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Alternaria keratitis after deep anterior lamellar keratoplasty.

Naik M - Middle East Afr J Ophthalmol (2014 Jan-Mar)

Bottom Line: Patient was treated for recurrent epithelial defect with a bandage contact lens in the follow-up visits after DALK.Subsequently, patient presented with pigmented fungal keratitis, which on culture examination of the corneal scrapping demonstrated Alternaria species.Patient did not have a recurrence for 11 months following the regraft.

View Article: PubMed Central - PubMed

Affiliation: Department of Cornea, Lotus Eye Care Hospital, Coimbatore, Tamil Nadu, India.

ABSTRACT
To describe a case of Alternaria keratitis in a 30-year-old male patient who presented with bilateral vascularised central corneal opacity and underwent deep anterior lamellar keratoplasty (DALK) in the left eye. Patient was treated for recurrent epithelial defect with a bandage contact lens in the follow-up visits after DALK. Subsequently, patient presented with pigmented fungal keratitis, which on culture examination of the corneal scrapping demonstrated Alternaria species. Patient had to undergo a repeat DALK as the keratitis did not resolve with medical therapy alone. Patient did not have a recurrence for 11 months following the regraft. This case report highlights the importance of considering the Alternaria species as a possibile cause of non-resolving fungal keratitis after DALK.

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10% potassium hydroxide mount showing filamentous fungi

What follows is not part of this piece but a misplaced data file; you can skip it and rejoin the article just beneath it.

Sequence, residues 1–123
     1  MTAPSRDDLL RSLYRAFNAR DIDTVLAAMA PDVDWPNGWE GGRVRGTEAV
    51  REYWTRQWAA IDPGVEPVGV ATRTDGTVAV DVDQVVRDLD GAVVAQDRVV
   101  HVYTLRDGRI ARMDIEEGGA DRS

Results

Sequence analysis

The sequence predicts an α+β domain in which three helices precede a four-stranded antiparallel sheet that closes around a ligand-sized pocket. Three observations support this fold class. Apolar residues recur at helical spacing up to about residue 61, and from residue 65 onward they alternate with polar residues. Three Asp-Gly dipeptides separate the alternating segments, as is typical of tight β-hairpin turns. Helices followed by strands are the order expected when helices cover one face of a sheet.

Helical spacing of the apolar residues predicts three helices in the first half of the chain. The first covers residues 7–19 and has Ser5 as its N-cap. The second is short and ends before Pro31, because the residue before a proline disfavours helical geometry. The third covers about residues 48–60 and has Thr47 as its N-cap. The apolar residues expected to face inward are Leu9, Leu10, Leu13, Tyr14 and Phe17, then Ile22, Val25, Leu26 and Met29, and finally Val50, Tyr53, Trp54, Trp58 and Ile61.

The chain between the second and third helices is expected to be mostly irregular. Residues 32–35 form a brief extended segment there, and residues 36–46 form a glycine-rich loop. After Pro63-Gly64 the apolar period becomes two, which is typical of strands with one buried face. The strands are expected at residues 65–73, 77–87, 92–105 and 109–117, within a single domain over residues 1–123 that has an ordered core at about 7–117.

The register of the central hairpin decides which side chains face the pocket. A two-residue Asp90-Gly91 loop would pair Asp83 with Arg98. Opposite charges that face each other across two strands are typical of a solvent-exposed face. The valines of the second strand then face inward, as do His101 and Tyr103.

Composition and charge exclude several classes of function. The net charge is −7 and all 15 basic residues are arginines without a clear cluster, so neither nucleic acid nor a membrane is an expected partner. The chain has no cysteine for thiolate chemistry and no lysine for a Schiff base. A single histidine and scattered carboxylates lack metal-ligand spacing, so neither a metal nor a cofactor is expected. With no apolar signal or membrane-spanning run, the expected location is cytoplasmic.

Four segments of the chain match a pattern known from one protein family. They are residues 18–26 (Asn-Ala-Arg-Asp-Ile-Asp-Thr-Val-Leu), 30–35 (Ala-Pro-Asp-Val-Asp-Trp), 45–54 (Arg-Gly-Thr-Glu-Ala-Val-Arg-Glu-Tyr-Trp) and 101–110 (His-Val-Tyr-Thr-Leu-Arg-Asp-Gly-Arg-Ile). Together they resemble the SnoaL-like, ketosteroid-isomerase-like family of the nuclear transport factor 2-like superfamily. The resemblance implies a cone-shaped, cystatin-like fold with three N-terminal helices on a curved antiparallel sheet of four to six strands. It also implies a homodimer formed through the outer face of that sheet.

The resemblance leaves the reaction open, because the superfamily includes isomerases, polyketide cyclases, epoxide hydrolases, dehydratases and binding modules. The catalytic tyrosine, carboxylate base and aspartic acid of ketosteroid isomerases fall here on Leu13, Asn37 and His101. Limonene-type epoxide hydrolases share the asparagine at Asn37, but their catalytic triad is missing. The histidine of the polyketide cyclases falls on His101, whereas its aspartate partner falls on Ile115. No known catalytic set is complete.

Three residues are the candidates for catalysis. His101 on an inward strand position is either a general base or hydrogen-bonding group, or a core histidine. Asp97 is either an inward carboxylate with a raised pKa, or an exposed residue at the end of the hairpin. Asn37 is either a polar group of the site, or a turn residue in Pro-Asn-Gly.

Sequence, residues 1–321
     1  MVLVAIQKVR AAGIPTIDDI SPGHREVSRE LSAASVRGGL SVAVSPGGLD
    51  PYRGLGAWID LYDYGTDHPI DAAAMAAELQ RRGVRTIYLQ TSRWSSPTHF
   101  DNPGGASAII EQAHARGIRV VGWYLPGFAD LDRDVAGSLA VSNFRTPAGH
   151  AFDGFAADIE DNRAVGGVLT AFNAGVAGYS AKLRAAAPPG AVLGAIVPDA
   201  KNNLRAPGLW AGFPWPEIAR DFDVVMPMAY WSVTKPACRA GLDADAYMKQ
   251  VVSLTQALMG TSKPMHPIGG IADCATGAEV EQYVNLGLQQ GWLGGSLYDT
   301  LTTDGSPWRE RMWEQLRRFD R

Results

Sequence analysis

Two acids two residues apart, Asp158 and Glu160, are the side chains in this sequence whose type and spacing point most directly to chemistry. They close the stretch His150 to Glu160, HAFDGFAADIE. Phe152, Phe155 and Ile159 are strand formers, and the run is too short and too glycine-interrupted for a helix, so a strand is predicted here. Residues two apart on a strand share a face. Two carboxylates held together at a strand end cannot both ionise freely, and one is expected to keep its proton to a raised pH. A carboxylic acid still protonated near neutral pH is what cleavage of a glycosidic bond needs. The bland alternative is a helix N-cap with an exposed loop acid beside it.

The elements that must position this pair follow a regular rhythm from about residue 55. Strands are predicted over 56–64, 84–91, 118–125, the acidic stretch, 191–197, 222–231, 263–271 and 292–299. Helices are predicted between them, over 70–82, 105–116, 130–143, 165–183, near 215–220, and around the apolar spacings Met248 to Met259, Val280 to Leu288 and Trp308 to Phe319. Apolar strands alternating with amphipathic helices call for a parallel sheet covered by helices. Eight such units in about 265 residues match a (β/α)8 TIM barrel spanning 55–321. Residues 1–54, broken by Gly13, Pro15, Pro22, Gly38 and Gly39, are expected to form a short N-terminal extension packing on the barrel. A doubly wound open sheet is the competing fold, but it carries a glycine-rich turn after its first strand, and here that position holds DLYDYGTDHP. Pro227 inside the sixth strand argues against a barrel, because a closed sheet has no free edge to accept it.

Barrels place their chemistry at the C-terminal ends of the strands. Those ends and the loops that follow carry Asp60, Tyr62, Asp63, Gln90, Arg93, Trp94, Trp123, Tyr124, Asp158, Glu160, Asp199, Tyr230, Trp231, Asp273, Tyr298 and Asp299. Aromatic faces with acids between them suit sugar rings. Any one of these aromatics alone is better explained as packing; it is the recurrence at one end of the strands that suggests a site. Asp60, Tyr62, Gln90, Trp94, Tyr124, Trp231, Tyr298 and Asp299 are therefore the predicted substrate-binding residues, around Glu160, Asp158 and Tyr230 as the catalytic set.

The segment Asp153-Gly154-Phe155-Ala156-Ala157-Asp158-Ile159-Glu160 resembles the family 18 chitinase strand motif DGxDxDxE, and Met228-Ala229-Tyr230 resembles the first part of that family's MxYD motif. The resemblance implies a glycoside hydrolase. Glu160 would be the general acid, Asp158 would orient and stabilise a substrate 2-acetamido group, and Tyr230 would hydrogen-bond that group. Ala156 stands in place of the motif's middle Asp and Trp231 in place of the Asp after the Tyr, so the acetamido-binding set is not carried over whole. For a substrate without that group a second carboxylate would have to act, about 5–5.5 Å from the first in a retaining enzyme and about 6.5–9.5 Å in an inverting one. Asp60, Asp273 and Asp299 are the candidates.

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Figure 3: 10% potassium hydroxide mount showing filamentous fungi

Mentions: One week later, a large brown pigmented dry lesion was present on the graft [Figure 1b]. With a working diagnosis of keratitis, corneal scrapping was performed, which showed segmented filamentous fungi on 10% potassium hydroxide mount [Figure 2a] as well as on lactophenol blue stain [Figure 2b].


Alternaria keratitis after deep anterior lamellar keratoplasty.

Naik M - Middle East Afr J Ophthalmol (2014 Jan-Mar)

10% potassium hydroxide mount showing filamentous fungi
© Copyright Policy - open-access
Related In: Results  -  Collection

License
Show All Figures
getmorefigures.php?uid=PMC3959051&req=5

Figure 3: 10% potassium hydroxide mount showing filamentous fungi
Mentions: One week later, a large brown pigmented dry lesion was present on the graft [Figure 1b]. With a working diagnosis of keratitis, corneal scrapping was performed, which showed segmented filamentous fungi on 10% potassium hydroxide mount [Figure 2a] as well as on lactophenol blue stain [Figure 2b].

Bottom Line: Patient was treated for recurrent epithelial defect with a bandage contact lens in the follow-up visits after DALK.Subsequently, patient presented with pigmented fungal keratitis, which on culture examination of the corneal scrapping demonstrated Alternaria species.Patient did not have a recurrence for 11 months following the regraft.

View Article: PubMed Central - PubMed

Affiliation: Department of Cornea, Lotus Eye Care Hospital, Coimbatore, Tamil Nadu, India.

ABSTRACT
To describe a case of Alternaria keratitis in a 30-year-old male patient who presented with bilateral vascularised central corneal opacity and underwent deep anterior lamellar keratoplasty (DALK) in the left eye. Patient was treated for recurrent epithelial defect with a bandage contact lens in the follow-up visits after DALK. Subsequently, patient presented with pigmented fungal keratitis, which on culture examination of the corneal scrapping demonstrated Alternaria species. Patient had to undergo a repeat DALK as the keratitis did not resolve with medical therapy alone. Patient did not have a recurrence for 11 months following the regraft. This case report highlights the importance of considering the Alternaria species as a possibile cause of non-resolving fungal keratitis after DALK.

Show MeSH
Related in: MedlinePlus